What Is the Customer Acquisition Cost?
Customer Acquisition Cost Definition
Customer acquisition cost(CAC) is an important business metric. It refers to the money and resources a company needs to get a new customer. CAC is useful for businesses to measure the customer lifetime value to measure the customer’s value to the table.
Customer acquisition cost (CAC) is a metric used to reflect the cost of convincing (acquiring) a potential customer into buying the product or subscription of service.
Companies and investors both use CAC.
Most businesses pair the customer acquisition cost with another metric, customer lifetime value (LTV), which measures a customer’s total revenue over time.
A company’s customer acquisition cost includes total sales and the marketing cost needed to get a new customer on board over a period of time.
Customer acquisition cost is a crucial business metric because it determines the profitability of a business. It compares the company’s money on acquiring new customers versus the actual number of customers they gain.
If expanding your customer base and still making a profit is your business goal, you must read on and understand the customer acquisition cost, its importance, and how you easily calculate it.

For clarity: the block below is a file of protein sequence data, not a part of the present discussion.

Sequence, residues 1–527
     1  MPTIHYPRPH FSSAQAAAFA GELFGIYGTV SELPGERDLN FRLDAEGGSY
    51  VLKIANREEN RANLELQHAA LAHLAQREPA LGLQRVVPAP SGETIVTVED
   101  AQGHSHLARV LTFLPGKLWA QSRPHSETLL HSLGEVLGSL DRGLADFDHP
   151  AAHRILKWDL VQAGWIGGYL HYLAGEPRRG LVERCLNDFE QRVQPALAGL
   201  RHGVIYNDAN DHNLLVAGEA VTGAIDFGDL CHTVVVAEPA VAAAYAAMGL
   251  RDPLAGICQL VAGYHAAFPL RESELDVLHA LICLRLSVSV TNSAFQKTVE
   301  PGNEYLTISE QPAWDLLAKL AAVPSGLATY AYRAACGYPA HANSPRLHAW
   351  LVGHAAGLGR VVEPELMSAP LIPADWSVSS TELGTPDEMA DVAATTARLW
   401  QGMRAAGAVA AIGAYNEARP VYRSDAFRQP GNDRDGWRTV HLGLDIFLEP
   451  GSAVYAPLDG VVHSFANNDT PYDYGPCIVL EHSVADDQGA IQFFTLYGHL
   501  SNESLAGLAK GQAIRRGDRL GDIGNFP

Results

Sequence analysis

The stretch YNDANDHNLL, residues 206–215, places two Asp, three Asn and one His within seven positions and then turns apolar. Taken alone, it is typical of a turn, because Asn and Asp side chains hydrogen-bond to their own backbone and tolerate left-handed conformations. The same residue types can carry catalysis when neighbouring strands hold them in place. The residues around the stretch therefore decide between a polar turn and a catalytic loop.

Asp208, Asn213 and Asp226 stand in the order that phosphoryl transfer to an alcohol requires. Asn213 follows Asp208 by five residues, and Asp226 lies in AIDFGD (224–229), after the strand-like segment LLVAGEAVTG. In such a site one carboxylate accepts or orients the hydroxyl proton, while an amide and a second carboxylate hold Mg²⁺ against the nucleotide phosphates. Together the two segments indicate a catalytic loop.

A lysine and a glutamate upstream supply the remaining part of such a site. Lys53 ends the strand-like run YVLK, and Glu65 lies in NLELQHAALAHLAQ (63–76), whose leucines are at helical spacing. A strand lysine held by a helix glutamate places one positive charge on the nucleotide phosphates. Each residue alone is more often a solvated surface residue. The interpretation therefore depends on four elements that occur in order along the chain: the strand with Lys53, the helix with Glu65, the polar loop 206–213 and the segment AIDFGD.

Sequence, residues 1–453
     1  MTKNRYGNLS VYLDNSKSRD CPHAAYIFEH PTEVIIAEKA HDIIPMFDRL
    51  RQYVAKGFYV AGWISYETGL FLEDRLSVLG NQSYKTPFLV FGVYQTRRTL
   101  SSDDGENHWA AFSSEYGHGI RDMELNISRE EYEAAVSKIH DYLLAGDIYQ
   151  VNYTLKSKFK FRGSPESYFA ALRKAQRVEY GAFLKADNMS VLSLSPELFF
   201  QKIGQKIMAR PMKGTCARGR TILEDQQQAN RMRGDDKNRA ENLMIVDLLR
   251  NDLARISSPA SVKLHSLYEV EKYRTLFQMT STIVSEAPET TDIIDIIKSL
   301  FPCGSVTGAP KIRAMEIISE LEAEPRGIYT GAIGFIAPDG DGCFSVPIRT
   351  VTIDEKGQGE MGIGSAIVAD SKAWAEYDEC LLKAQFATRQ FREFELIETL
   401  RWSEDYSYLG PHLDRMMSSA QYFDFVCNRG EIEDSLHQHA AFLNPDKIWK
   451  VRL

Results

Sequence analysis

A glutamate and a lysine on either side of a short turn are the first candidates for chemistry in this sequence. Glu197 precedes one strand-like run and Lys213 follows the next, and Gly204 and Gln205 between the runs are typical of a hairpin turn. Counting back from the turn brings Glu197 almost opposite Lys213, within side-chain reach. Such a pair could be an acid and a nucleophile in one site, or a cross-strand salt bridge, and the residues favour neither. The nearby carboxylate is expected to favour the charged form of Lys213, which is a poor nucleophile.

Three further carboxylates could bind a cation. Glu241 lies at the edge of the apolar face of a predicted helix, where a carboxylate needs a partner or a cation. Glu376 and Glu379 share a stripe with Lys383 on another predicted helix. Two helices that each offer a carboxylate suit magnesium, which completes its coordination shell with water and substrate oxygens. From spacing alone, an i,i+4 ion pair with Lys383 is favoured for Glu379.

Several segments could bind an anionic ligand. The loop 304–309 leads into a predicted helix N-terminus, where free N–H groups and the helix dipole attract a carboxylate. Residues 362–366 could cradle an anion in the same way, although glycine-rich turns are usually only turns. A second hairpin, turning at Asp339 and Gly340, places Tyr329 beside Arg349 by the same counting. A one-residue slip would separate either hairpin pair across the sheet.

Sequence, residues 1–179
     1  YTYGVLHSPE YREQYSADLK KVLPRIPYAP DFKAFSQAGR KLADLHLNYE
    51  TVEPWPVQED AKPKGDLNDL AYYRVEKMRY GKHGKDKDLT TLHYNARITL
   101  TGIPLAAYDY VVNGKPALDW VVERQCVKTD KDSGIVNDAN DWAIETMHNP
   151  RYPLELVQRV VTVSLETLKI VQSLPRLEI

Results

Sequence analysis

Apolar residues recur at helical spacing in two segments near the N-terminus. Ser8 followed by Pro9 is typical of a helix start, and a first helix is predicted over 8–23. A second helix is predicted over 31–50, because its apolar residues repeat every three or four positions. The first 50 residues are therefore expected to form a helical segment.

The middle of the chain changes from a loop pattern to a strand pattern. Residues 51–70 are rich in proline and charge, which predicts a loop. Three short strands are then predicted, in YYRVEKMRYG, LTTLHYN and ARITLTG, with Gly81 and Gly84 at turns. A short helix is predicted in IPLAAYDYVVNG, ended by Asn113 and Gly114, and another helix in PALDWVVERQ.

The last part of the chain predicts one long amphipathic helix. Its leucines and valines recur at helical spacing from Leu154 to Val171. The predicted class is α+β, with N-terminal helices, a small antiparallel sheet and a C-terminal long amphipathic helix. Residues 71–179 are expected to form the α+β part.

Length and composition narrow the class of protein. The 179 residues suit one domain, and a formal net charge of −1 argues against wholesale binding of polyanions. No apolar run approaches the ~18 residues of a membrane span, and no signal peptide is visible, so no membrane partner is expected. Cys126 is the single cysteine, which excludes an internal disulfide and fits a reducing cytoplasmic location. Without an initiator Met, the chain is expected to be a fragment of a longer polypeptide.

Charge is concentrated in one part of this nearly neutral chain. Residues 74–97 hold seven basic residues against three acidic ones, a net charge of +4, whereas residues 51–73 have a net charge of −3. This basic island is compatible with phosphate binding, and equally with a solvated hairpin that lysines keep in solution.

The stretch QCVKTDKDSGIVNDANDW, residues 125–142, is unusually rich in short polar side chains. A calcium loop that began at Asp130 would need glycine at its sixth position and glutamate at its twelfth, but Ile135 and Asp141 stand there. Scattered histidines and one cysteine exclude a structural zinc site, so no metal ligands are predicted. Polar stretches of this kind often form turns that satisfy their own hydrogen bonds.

What can you include in Customer Acquisition Costs?
As we will see in the customer acquisition cost formula, it includes the total sales and marketing costs. Customer acquisition cost includes marketing snd programming costs, commissions, salaries, bonuses, and the costs needed to attract new leads and convert them into potential customers.
Total customer acquisition cost includes:
Advertising and marketing costs, cost of your sales team, creative costs, technical costs, publishing costs, production costs, and inventory upkeep.
How To Calculate Customer Acquisition Cost?
Before we get into how to calculate customer acquisition costs, we will look at what you need to determine first.
As a business, you need to determine the period for calculating the customer acquisition cost. The period can range from monthly, quarterly, or yearly.
Once you determine the time range, you successfully narrow down your scope of data.
Now add the total sales and marketing expenses and divide that by the number of new customers you got on board during that period.
The result will be your company estimated customer acquisition cost.
Customer acquisition cost formula :
Customer acquisition cost = (cost of sales + marketing) ÷ number of new customers.
Once you calculate the customer acquisition cost for your company, you can now compare it with the other critical business metrics.
These comparisons will give you valuable insights into sales, customer service campaigns, and marketing.
Why Is Customer Acquisition Cost Important?
CAC is valid for both investors and the company.
Investors study the CAC data to estimate the company’s capabilities and reach over the market.
- CAC figures can help improve the return on investment as they can suggest a more budget-friendly way that can be applied for marketing purposes and reject those methods that aren’t giving positive returns.